Co Down shopping centre The Quays has started work on a £20m expansion with the creation of 500 new jobs as it benefits from a post-Brexit increase in cross-border retail.
The retail and leisure destination, which is part of the property empire of millionaire Gerard O’Hare, is adding 100,000 sq ft in space, with construction being carried out by building firm O’Hare and McGovern.
And a spokesman for Quays parent company Parker Green International said the project would enable it to host “some of the UK’s most prestigious retail brands”.
Details of the new brands which will arrive as part of phase five of the centre’s development are to be given over the next few weeks. Dr Gerard O’Hare said: “I am delighted that works have now commenced on phase five, immediately creating 200 construction jobs and a further 300 full and part-time positions in retail in the months ahead.
“This project demonstrates that both The Quays and Newry remain at the premiership level of retail demand, being the largest retail development in Northern Ireland since the recession,” he said.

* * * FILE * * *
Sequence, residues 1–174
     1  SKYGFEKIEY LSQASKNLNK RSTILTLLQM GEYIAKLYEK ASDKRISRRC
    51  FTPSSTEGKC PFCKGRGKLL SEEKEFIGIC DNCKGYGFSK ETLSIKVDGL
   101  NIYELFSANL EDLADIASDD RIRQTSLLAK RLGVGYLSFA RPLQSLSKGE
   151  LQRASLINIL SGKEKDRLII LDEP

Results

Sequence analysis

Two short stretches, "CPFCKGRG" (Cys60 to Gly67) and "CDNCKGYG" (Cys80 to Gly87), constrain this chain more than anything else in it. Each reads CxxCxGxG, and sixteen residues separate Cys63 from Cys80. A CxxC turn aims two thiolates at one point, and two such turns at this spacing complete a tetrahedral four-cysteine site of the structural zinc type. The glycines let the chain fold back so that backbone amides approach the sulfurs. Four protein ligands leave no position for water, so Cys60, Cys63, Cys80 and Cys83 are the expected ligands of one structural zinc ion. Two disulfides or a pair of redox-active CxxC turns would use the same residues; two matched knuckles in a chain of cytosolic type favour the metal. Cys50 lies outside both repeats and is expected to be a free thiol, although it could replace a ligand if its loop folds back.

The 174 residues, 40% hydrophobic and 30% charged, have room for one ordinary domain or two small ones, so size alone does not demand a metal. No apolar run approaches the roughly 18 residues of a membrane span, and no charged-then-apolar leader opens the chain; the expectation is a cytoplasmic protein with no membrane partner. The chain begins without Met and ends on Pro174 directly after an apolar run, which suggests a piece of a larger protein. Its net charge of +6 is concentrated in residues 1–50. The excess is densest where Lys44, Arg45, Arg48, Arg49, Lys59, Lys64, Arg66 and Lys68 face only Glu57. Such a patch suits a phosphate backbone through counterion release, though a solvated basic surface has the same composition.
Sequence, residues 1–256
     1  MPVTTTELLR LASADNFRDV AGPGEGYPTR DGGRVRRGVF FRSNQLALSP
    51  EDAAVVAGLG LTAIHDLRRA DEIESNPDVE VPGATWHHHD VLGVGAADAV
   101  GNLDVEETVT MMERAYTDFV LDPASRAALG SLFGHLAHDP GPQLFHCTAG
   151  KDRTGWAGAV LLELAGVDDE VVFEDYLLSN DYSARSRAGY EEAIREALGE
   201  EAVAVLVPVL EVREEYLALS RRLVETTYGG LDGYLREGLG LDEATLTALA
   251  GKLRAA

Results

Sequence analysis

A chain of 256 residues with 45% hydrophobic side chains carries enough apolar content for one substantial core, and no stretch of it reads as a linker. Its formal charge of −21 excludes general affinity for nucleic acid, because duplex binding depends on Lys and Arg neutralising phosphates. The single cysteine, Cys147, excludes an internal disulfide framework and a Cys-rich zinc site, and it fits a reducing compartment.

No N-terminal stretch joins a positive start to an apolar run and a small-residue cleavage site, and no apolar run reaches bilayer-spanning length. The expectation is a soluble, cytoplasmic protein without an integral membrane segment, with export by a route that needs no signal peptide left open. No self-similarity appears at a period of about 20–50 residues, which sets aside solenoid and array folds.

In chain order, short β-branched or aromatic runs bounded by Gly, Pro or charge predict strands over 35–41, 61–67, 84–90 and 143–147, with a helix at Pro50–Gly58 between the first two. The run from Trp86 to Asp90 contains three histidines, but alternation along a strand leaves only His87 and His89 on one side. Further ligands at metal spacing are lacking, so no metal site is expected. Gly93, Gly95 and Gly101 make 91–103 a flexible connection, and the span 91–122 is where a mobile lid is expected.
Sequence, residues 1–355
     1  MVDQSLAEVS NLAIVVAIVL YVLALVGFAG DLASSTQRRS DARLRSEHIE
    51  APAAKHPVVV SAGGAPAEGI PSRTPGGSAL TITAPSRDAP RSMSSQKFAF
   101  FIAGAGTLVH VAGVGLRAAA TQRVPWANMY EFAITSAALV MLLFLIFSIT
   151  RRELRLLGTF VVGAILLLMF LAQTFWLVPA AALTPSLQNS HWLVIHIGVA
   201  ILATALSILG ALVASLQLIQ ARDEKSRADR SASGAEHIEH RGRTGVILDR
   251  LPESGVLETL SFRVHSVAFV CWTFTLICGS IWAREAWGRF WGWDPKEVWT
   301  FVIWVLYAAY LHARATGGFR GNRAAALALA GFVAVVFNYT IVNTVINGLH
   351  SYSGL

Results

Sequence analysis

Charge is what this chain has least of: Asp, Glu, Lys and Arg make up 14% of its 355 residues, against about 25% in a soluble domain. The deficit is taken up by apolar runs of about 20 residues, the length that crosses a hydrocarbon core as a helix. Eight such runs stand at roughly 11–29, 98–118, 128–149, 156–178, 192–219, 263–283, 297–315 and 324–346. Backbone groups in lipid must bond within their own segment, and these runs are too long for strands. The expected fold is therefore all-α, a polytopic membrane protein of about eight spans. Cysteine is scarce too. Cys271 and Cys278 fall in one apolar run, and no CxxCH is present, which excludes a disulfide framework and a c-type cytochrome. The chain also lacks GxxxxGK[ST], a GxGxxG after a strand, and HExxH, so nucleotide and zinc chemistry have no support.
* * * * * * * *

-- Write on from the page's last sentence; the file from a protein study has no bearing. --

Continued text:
“Ultimately, this major investment will help secure the commercial vitality of Newry city centre and the greater Newry region”.
And commercial manager Garrett O’Hare said the Brexit result — and the accompanying fall in the value of sterling — had helped increase trade at the centre, as more shoppers from the Republic made the journey to Newry.
“We certainly have seen an increase in cross-border trade over the past number of months and are expecting a very busy Christmas season, not least, with the opening of a number of new stores in the existing part of the scheme between now and November.”
The Quays Shopping Centre is currently home to brands including Oasis, Waterstones, Next and H&M, and is anchored by a Sainsbury’s supermarket.
During a boom in cross-border shopping around 2008, the Sainsbury’s off-licence at The Quays was reported to be its busiest in the UK as shoppers from the Republic flocked to take advantage of cheaper prices for alcohol.
The new plans for the Quays Shopping Centre emerged after a report commissioned for Belfast City Council claimed that its retail offering would suffer without further investment.
The report by retail consultancy Javelin said Belfast would lose its high spenders without a multimillion-pound injection from a high-end department store such as John Lewis or Harvey Nichols. And it called John Lewis setting up in Sprucefield the “worse case scenario” for the city.